stay shiny side up!

G
 

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The question is not if it works immediately but how it works after a few months or 3-4k miles.
 

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Discussion Starter #12
Well, the Sprint has about 2,000 miles on it since the swap. The brakes are great!!

I'm convinced it's a permanent fix. Just make sure that ALL of the caliper half seals are present before reassembling.
 

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Pardon me for being such a cynic, but I think I'll wait just a little longer to see how your results are then. No offense to you at all...just being pessimistic. :wink:
 

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David...awesome work!!!
I'm looking at this real carefully.
...5 seconds after the brake is applied, the stock rubber seals pull the pistons back just enough to require extra lever pull for the next brake cycle.
You say the coating on the 675 pistons is more slick (which eliminates the pull back)...did you change the seals to the 675 type?
Do they look a little different than stock?
Steve
 

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Discussion Starter #15
Initially I used the stock seals and the 675 pistons. Braking performance was dramatically improved. However, when I reassembled my right caliper after this work, I accidentally left out one of the caliper half seals (has nothing to do with the piston seals). This made my right caliper slowly leak brake fluid when the lever was applied. D'oh!!

I had to open the calipers back up to diagnose my problem (this is when I ralized one of my caliper half seals was missing). When I opened my calipers back up , I went ahead and used the 675 seals since the brakes were already torn down.

The 675 seals and the stock seals look and feel identical. I'm not a material scientist and they could be made of completely different material, but they look and feel identical.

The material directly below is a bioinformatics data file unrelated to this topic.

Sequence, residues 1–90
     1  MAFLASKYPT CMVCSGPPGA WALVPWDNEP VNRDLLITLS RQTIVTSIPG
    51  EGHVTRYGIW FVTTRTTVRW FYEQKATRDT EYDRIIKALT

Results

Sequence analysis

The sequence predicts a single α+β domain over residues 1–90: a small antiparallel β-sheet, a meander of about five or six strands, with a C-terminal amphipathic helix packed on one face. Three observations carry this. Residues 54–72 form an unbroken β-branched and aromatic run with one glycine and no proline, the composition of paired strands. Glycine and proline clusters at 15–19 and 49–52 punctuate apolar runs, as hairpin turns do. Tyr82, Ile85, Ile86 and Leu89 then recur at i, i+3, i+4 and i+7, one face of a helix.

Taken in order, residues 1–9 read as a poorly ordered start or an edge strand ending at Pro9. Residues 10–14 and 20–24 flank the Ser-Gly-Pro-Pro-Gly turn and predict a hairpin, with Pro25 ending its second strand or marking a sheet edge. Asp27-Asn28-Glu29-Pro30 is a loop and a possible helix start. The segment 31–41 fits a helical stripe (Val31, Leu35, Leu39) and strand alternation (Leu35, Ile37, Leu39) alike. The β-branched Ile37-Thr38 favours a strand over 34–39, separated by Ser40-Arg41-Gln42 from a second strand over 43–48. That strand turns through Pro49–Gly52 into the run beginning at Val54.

I'm not at all concerned if anyone is cynical of this fix. I've experieced the improvement first hand, and I know it works.

Changing to new calipers also works, and if you shop around on Ebay you can get used but clean calipers for about the same price as new pistons. The choice is yours.

On my particular bike the stock brakes rated about 2 on a scale of 1 to 10. After changing to the 675 pistons the brakes on my motorcycle rated about an 8 on a scale of 1 to 10.
 

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david,
Sorry to hear about selling your bike, but right now I wouldn't buy a Triumph either. On the 675 piston swap, did you notice that the shape of the rear of the piston is different too. The old one is indented while the new is flat. A suggestion to anyone else who is doing this, rather than mess with the various screws and stuff to clamp off the fluid, I recommend just draining it. I'm putting on new break lines and a MC so I had to anyway but it works really well. Also, I have an air compressor and that is good for two of the four pistons so I had to use some needle nosed pliers to get them all out anyhow.

Thanks david for doing the pioneer work on this. Good luck on your next bike whatever it is.
Rod
 

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Discussion Starter #18
I didn't notice that the pistons were a different shape.

I didn't want to drain all of the brake fluid because my bike had ABS and I didn't want to bleed the whole system. Whitout the Triumph service tool, bleeding the whole system from dry would take quite a while.

I would consider owning another Triumph. I'll just never buy a new one again. The factory seemed completely disinterested in supporting me as an owner of their product.

A new bike should come with a solid warranty, but Triumph's warranty is useless. I'd rather let someone else take the depreciation hit, and then I could use the cost savings to buy appropriate parts to fix the bike's flaws.
 

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I dont think I'm taking a hit on mine..

I just changed my mind and got the silver showroom bike (instead of the red demo) with 0 on the clock and not so much as a scratch..

$9,300 with hardbags...



Six pot one

Six Pot Two

$50... total..

Pads probably $50...
 

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On 2006-10-02 20:22, david_m wrote:
A new bike should come with a solid warranty, but Triumph's warranty is useless. I'd rather let someone else take the depreciation hit, and then I could use the cost savings to buy appropriate parts to fix the bike's flaws.
Totally agree with you on that one David. The factory warranty department have put me off buying a new Triumph. I wonder how many other customers they have put off with their mean and penny pinching attitude?